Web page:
How Colorado baristas and beer brewers got on the pumpkin spice bandwagon

PSLs might be a corporate idea, but they inspired local traditions


Every fall, pumpkin lovers rejoice in knowing their favorite flavors will start migrating from humble gourds to morning mugs. While the specialty beverage has corporate origins, local baristas put a hometown twist on "PSLs" across Colorado.  

The origins of pumpkin spice lattes trace to 2003, when Starbucks’ Director of Espresso Peter Dukes came up with the idea out of a desire to replicate the seasonal success of the eggnog latte and peppermint mocha, according to The Daily Meal 

 “Pumpkin spice latte has become more than just a beverage,” Dukes said. “It has become a harbinger of the season.” 

Since then, the drink has evolved into an annual tradition outside Starbucks.  

At Nixon’s Coffee House in Englewood, one barista said pumpkin pie syrup is used instead of pumpkin spice because it gives the drink a more unique flavor.  

 La Dolce Vita in Arvada uses pumpkin puree sauce and has served the drink since around the time Starbucks began the trend. Unlike the big chain, at LDV the taste will depend on the barista.  

Barista Tamara Hansen said she adds vanilla to her PSL so that it gets a more robust flavor profile.  

“I’m putting pumpkin sauce, of course, and vanilla, and I’m going to put whipped cream and cinnamon sugar,” Hansen said. “(The vanilla) adds a little bit of sweetness.” 

 Her co-worker Josh Crouch's take on the drink is inspired by pumpkin pancakes and features some maple flavors.  

 “It’s got real pumpkin,” Crouch said, pointing to the pumpkin puree sauce used to flavor the drink.   

Not just lattes 

 The PSL trend has spread far beyond espresso drinks. Local breweries have jumped on the flavor train as well — somewhat begrudgingly, in certain cases.  

Colorado Plus Brew Pub in Wheat Ridge serves a “darker style of pumpkin ale,” according to Manager Jordan Peck. The "Don’t Call Me Pumpkin, Pumpkin Spice Ale" ale has a slightly higher-than-average alcohol content than other pumpkin beers, Peck said.   

“It’s really full-bodied,” Peck said. “It’s pumpkin spice without being over the top.” 

Chris Hill, owner of Odyssey Beerwerks in Arvada didn’t necessarily want to make a pumpkin beer, so he took the idea and went a different route.  

“We opened in May of 2013,” Hill said. “As fall was rolling around, everybody was telling us we needed to do a pumpkin beer because everyone does a pumpkin beer in fall. I didn’t really want to do one, but I asked our assistant brewer if he could do a different one. He came back with the idea to do a marshmallow porter with a pumpkin spice.” 

The result is the "Fluffy Pumpkin Toasted Marshmallow Porter," which was such a hit in 2013 that Odyssey kept it going on a seasonal basis.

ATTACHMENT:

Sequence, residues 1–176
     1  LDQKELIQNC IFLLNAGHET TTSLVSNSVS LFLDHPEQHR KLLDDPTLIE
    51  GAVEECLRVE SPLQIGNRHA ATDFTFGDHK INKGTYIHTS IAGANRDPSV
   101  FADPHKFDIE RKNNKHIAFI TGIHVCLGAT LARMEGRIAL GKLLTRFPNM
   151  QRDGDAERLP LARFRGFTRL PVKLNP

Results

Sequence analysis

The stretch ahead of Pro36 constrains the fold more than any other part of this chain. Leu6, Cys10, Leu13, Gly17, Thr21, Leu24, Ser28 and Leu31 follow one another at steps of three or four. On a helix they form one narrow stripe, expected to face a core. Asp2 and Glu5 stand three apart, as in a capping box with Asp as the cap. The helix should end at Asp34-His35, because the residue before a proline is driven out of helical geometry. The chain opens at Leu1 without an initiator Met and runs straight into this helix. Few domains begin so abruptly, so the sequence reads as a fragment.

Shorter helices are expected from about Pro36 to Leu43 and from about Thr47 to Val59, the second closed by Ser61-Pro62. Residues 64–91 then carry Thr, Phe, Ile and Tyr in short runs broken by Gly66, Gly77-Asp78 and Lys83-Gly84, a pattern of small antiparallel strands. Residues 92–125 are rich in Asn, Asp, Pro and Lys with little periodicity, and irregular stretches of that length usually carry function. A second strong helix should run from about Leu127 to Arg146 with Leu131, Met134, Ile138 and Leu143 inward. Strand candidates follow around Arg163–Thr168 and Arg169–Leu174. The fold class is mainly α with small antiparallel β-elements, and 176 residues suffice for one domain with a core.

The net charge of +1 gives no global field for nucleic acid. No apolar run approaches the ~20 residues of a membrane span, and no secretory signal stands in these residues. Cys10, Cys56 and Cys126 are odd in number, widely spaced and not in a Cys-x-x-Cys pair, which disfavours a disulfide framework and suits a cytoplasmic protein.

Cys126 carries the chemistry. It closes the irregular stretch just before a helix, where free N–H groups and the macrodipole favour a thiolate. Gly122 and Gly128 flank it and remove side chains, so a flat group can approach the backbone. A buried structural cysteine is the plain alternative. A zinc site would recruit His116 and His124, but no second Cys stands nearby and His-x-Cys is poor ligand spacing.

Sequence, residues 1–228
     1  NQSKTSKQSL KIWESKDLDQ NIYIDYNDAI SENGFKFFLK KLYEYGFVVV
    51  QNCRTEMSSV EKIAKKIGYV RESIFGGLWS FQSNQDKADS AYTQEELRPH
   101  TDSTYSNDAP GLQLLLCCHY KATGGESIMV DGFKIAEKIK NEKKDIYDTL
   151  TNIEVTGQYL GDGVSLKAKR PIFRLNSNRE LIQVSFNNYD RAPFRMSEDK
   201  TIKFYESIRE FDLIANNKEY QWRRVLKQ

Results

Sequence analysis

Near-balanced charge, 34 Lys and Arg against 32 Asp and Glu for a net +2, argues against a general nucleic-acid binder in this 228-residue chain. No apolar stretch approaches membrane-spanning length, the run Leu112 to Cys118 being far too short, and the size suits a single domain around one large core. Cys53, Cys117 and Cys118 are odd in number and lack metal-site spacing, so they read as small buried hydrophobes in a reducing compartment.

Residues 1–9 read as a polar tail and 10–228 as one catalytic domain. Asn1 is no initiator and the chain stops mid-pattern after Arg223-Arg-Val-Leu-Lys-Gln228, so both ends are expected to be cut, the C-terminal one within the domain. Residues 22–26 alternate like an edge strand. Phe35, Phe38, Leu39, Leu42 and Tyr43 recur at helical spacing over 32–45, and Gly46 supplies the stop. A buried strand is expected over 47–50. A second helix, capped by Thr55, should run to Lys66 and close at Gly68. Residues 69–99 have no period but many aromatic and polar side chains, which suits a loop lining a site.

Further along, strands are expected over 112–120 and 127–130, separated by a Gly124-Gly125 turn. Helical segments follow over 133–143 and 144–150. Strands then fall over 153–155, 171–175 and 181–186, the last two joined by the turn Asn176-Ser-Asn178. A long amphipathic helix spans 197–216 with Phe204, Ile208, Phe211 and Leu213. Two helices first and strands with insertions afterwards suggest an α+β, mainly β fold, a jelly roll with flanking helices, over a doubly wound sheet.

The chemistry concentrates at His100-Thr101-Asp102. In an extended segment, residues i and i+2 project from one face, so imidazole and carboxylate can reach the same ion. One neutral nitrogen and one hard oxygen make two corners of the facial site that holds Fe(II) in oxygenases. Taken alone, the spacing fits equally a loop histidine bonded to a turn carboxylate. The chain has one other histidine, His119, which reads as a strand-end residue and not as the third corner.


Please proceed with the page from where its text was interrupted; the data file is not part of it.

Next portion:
“It was a one-off to appease customers,” Hill admits. “The reason we brewed a second batch was we had two bar owners and two friends of owners who called and said they had or had heard of this been we did and they really wanted to put it on tap. So, we did enough to make four-eight kegs and sold it to them. In 2014, we did a full batch and sold out before we were done fermenting.” 

Despite the Fluffy Pumpkin’s beginnings, Hill says he’s come around on the pumpkin porter.  

“I’m in a happy place with it now,” Hill said. “It’s a really good beer. I won’t say we were opposed, but since everyone does a pumpkin beer, we don’t need to do one, but we did and it was fantastic. I won’t downplay the beer. It’s really good.” 

Barnett and Son Brewing Co. in Parker began their pumpkin beer with a homespun tradition.

Owner Andrew Barnett said their ‘Nevermore Pumpkin Ale’ — fittingly named after ‘The Raven,’ by Edgar Alan Poe — originated with a Halloween tradition at the Barnett home.

“It’s an old home brew recipe. As a home brewer, we used to deck out the Barnett house for Halloween,” Barnett said. “I’d hand out beers in the driveway for neighbors who came out to Halloween. When we opened the brewery, that tradition survived.”

Barnett describes the ale as “a really good balance between the spices and the vegetable,” and said he was cautious against adding too much cinnamon, a move he believes undercuts the flavor of other pumpkin beers.

Nevermore Pumpkin Ale won the silver medal at the 2021 Denver International Beer Competition and is entering its 7th year on tap at Barnett and Son Brewing. The seasonal libation is available from the first Friday in September through about Thanksgiving.



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